World’s third largest ‘gem-quality’ diamond has been found in Botswana

One of the world’s biggest diamonds has been uncovered in Botswana, the country’s government has reported.

The 1,098-carat stone, believed to be the third largest “gem-quality” diamond ever found, was introduced to President Mokgweetsi Masisi on Wednesday.

The revelation was made earlier at the Jwaneng mine, around 75 miles from the nation’s capital, Gaborone. The mine is operated by Debswana, a diamond organization jointly owned by Botswana’s government and the De Beers Group, according to its official website.

An official government Twitter account composed that “proceeds from the diamond will be used to advance national development in the country.”

“Debswana should use this latest discovery as an inflection point, for the mine to use its technology to realize more of these large discoveries,” it added.

Masisi’s office likewise posted a series of pictures showing the diamond being introducing to the president and his cabinet.

Officially opened in 1982, the Jwaneng mine typically yields between 12.5 million and 15 million carats of diamonds per year, as per Debswana. The current month’s find is the biggest gem uncovered by the organization since diamonds were first found in Botswana in 1967, the government said.

As of now, the biggest jewel at any point recorded is the 3,106-carat Cullinan Diamond, found in South Africa in 1905. The Cullinan was consequently cut into more modest stones, some of which structure part of British regal family’s royal gems.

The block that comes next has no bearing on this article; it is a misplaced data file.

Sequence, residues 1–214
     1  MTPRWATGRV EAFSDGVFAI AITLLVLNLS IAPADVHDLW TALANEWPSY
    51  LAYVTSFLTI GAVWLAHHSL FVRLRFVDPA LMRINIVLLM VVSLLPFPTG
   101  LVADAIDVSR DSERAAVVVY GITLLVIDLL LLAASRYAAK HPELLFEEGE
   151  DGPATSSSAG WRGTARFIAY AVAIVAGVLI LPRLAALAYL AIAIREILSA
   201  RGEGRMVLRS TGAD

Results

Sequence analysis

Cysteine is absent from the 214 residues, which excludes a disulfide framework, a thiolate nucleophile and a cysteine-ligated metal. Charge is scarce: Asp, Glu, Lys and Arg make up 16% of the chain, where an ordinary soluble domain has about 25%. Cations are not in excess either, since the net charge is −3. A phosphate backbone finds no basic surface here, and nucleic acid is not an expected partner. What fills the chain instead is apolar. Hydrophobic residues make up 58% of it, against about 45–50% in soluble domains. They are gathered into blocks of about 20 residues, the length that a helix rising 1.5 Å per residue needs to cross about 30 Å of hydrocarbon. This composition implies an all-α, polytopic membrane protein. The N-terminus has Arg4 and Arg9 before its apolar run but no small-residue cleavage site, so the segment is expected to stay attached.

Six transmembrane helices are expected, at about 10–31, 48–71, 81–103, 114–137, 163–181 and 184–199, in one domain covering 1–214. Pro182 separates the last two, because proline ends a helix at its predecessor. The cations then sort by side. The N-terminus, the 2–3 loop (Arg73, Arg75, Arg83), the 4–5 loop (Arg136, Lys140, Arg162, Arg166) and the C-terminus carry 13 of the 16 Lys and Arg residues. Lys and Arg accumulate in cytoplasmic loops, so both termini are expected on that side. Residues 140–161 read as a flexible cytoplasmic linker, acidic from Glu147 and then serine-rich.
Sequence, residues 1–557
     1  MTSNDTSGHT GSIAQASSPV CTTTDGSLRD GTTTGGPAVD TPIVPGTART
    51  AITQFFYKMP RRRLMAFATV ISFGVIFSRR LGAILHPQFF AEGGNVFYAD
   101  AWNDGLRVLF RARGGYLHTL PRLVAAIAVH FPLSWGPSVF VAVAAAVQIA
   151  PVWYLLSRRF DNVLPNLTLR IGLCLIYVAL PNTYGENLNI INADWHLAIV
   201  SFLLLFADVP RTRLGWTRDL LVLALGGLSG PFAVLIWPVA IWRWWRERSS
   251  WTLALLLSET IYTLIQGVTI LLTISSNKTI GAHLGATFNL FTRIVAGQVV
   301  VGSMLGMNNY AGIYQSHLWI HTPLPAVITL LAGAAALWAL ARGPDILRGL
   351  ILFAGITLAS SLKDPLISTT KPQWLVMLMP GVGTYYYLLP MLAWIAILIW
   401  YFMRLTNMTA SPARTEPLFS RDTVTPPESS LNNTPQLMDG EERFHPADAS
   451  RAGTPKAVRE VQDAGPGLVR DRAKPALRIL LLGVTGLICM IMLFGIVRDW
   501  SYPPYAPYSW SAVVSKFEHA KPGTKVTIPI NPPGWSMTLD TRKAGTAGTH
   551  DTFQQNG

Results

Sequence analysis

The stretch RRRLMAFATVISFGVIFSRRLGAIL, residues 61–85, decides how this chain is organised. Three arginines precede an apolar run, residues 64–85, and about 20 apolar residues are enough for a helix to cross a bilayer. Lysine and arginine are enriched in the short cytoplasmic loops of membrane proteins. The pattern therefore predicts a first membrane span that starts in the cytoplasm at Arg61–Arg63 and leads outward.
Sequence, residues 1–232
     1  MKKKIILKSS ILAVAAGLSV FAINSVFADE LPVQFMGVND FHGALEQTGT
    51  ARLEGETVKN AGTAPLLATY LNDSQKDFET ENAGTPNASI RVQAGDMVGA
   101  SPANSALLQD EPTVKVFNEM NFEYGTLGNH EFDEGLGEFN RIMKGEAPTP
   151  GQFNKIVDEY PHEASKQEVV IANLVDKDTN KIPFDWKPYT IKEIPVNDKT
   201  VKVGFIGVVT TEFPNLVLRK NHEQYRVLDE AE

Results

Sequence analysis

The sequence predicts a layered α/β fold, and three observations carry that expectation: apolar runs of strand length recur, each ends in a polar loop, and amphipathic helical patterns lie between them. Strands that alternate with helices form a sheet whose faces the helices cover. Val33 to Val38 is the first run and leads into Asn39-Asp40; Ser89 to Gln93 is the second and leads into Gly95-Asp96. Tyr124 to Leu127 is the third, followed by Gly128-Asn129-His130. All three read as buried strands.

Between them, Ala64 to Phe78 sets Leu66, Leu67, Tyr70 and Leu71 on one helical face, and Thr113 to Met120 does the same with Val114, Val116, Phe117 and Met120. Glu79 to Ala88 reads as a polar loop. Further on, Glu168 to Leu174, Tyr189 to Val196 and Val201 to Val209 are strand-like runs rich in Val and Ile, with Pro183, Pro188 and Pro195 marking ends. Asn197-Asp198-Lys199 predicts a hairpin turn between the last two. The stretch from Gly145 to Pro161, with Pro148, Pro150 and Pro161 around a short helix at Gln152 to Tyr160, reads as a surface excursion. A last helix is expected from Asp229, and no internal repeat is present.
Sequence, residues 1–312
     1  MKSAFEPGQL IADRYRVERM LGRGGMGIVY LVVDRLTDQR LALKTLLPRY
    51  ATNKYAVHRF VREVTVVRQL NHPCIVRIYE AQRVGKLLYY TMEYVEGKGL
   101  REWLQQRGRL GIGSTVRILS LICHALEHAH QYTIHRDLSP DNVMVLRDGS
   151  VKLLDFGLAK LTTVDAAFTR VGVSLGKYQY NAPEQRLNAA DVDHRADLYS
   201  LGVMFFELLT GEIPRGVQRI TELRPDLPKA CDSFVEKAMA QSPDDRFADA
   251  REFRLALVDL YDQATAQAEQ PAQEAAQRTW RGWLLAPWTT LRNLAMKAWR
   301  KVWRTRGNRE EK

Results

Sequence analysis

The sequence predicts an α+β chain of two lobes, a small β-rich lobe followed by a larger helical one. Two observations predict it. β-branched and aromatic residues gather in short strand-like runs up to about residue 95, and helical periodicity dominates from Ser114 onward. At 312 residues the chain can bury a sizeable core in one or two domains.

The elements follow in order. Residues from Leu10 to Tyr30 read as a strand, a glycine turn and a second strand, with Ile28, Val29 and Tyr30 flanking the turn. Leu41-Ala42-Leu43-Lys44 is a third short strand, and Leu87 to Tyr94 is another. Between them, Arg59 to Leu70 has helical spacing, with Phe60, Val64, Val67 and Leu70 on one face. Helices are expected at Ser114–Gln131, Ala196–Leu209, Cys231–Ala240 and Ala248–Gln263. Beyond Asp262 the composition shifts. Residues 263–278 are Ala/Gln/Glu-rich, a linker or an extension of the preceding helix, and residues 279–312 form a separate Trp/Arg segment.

The second biggest revelation is accepted to be the Lesedi La Rona, a 1,109-carat stone found by Canadian firm Lucara Diamond at the Karowe mine, additionally in Botswana, in 2015. The precious stone was offered to luxury jeweler Graff for $53 million two years after the fact.

Rough diamonds are generally named being diamond gem-quality, near-gem or industrial-quality, depending on their color, clarity, size and shape.

So while another, much bigger diamond was found in Botswana in 2019 – a 1,758-carat stone named Sewelô – specialists said it couldn’t be considered altogether diamond quality. The stone was bought by French luxury brand Louis Vuitton in 2020 for an undisclosed sum.

Addressing CNN at the hour of Sewelô’s revelation, Rob Bates, a blogger on the diamond and jewelry industries, revealed to CNN that solitary “a handful” of companies on the world know how to “economically cut” such large rough diamonds.

“But it’s always an exciting moment when a mine coughs up a huge stone like that,” he said. “It’s good for the business, good for the country of Botswana.”

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